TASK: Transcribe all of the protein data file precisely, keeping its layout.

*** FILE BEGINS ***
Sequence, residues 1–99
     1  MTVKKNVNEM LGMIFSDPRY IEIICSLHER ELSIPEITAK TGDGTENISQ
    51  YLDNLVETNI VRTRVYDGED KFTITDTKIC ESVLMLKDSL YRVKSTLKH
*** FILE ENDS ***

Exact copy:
Sequence, residues 1–99
     1  MTVKKNVNEM LGMIFSDPRY IEIICSLHER ELSIPEITAK TGDGTENISQ
    51  YLDNLVETNI VRTRVYDGED KFTITDTKIC ESVLMLKDSL YRVKSTLKH